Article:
Well, I did want to plan to be an architect all while I was in high school until I learned to saw. So that, that was something that I felt like incredibly sketchy when I decided to turn to fashion. And that, until you learned so many designers had an interest in architecture, not the least of which being crystal ball Balenciaga.
Like once I learned that I’m like, oh, okay, then this is perfectly okay. Um, when I was in high school and still making progress and all that stuff, and you know, I go around to the high end department stores. At that time, there was one Eye Magnet that exists. And in every one of those stores, there’s always a very chic, an older black lady in the department.
I don’t know why, but there always is. And there was one in Eye Magnet and her name was Bunkie. And she, you know, she came up to me, I guess she was like, well, I see this guy in the women’s, you know, couture department. And I’m like, what’s his deal? So she came to me and I told her that like, hey, I want to be a fashion designer and all this stuff.
And she , she’d just gotten in some new Valentino. And that was when shoulder pads were all the rage and she showed me. And it was a problem because, you know, you had a shoulder pad sweater, with a shoulder pad coat and by the time it was all set and done everybody had no neck whatsoever, but Mr. Valentino had these graded shoulder pads that were stackable of one another. So that when you had all those layers together, you didn’t loose your neck.
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You just looked very structured and chic and when the under-layers weren’t under there, there was some excess fabric, but it was all managed masterfully and thought about. And that was when I, I learned I’m like, oh, the big boys are figuring out all these problems. And it was really, uh, a great moment in my education of fashion is before I even went to fashion school. But that was a first really important lesson that like you’ve got to solve all the problems before they become problems.
That’s really what design is. Problem solving. So that was really amazing. So yes, Mr. Valentino was one, Claude Montana, of course, the great Thierry Mugler, because they just had all these amazing and I dare say architectural moments in fashion. So, you know, really did bridge those two interests in a very obvious way.
I was always drawn to like the, the pattern making and the building of the clothes. So that that’s where the, the synergy and fashion and architecture came from it and remains to this day.
Amazing. So, um, how was it designing for someone like Barbie? What were your challenges for Barbie dresses?
Uh, Barbie is my girl and definitely by far my most famous client, you know, I didn’t realize how important those dolls were to particularly black women who look like many of those dolls who had never seen themselves in Barbie. Um, you know, like for instance, one of my proudest moments was actually pushing the envelope to the point of them making the darkest shade Barbie that they had ever made to that point.
And it took some time, you know, it took some successes to even build up to that level of trust in and Mattel management even allow it to happen. And when it did, it was wildly successful. And, and very, I mean, more important than I realized, because, you know, I was just kind of on the surface yet. I’m like, hey, she’ll be fabulous.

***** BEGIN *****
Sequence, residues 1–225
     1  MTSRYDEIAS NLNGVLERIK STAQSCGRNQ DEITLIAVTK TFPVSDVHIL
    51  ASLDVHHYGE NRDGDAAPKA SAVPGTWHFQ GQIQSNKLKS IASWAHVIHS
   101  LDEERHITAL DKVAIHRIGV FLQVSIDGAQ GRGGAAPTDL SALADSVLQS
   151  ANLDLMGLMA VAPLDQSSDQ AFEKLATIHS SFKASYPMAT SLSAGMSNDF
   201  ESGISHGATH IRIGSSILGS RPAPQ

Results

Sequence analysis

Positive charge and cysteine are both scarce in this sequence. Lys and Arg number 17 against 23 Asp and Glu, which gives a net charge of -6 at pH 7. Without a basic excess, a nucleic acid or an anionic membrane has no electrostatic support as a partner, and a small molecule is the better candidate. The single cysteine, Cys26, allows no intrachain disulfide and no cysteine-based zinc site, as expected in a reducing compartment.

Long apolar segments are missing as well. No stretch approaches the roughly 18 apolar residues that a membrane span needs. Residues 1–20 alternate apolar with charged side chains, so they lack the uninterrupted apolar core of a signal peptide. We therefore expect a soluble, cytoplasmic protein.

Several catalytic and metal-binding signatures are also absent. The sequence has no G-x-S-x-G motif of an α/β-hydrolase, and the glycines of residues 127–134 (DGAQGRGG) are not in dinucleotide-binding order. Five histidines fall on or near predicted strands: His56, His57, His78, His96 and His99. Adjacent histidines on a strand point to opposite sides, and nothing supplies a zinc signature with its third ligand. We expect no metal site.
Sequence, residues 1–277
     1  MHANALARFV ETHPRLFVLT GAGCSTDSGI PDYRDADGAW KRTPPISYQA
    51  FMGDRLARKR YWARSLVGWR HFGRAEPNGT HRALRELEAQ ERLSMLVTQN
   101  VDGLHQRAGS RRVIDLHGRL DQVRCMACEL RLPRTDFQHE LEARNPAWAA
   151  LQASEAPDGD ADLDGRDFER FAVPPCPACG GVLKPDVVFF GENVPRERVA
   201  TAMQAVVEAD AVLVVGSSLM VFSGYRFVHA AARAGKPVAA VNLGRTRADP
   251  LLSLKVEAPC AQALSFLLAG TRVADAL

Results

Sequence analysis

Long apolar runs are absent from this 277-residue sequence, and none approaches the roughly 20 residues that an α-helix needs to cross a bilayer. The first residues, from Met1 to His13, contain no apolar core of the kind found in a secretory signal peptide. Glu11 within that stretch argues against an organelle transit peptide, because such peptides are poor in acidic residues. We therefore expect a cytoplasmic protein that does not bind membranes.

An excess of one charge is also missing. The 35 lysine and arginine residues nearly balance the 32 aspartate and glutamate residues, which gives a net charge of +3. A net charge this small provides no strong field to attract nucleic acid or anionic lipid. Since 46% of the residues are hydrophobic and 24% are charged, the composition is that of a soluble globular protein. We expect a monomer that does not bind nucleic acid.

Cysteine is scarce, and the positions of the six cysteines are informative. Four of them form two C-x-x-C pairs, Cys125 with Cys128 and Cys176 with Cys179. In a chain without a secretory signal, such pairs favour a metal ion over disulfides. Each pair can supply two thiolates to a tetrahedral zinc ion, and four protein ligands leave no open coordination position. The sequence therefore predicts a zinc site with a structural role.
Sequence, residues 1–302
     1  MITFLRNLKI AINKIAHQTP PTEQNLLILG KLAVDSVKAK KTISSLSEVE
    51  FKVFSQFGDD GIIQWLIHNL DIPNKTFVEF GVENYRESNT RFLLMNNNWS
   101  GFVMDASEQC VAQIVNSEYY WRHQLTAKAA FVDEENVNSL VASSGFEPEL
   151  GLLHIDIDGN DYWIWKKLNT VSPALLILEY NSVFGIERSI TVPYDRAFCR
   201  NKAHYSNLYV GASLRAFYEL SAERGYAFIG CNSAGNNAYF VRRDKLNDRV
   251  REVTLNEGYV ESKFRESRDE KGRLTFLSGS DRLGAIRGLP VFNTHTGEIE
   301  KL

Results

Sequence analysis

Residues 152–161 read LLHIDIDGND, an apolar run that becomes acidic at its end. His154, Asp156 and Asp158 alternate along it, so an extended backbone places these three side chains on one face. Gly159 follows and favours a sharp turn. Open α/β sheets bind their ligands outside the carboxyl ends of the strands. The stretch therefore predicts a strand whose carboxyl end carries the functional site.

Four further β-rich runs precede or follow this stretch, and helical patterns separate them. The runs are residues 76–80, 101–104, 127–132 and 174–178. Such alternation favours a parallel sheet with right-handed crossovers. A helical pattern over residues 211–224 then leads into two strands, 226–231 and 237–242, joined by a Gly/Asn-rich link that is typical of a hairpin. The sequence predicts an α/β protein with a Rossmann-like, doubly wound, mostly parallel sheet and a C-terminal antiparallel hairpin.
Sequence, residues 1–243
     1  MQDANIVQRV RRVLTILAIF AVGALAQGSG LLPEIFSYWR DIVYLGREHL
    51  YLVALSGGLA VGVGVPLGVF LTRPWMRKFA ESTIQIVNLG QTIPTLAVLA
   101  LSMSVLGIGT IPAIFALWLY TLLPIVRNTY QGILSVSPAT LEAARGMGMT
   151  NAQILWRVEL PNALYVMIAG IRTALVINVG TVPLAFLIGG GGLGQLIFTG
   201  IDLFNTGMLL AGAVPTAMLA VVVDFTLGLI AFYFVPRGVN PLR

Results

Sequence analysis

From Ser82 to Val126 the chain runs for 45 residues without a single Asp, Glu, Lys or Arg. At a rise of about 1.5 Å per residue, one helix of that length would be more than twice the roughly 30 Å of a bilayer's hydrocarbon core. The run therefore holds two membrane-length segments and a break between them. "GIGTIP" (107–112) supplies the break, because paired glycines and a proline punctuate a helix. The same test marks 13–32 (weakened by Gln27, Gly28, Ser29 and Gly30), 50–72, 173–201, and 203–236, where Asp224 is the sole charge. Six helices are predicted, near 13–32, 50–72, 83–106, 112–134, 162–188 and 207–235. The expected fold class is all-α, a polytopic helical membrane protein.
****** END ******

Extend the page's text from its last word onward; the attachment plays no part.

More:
You know, there’s elect whack was that color, you know, it was pretty surface until I started meeting women out there with tears in their eyes, thanking me for, I’m like, oh my gosh, it’s so much bigger than my little idea of it. And you know, and I’m really thankful, to have been a part of that since then they make that color Barbie all the time.
So, you know, you just need, you just need that door to be open.
You faced quite a lot of ups and downs. Uh, what are your thoughts on it? How did you always manage to get back up?
Michael Jordan said that like you miss a hundred percent of the shots you don’t take. You know, I guess there was like, kind of like really internalizing that and, and knowing that, like, to you know I don’t think fashion design is just like what I do. It’s kind of who I am. You know what I mean? So it’s just like, I think I’d be doing this because I always like fantasize about like, well, if I hit that like $300 million lottery I would take it. I’m out. And then my business partner lo is like, oh yeah, no like you’re not out.
And then I think I’m like, yeah, you’re right. But it’s so, um, I think that’s why you just keep getting up when you get knocked down and then you hear all everybody else’s story and you start seeing those documentaries about unsung and people in all kinds of industries. And documenting moments that you might remember in their histories, where you like, wow, they’re at the pinnacle of success.
And then you realize, wow, they were just scraping by, at that moment or, or ultimate tragedy, you know, they were overcoming something so much bigger than that moment that was, you know, publicly visible. And then you just realize that’s just what life is. It’s just a whole mixed bag of stuff. And you gotta just keep moving forward. I mean, it’s just, nobody really escapes that part. Yeah. Yeah. That is it. That’s just one, uh, keep telling our story about being there in it with her and for her.
Amazing. Thank you so much, Byron, and see you on the runaway. Thank you.
Interview by Tijana Ibrahimovic
Edited by Basile Sampson
Shop his collection In Earnest official
Byron’s FW22 Collection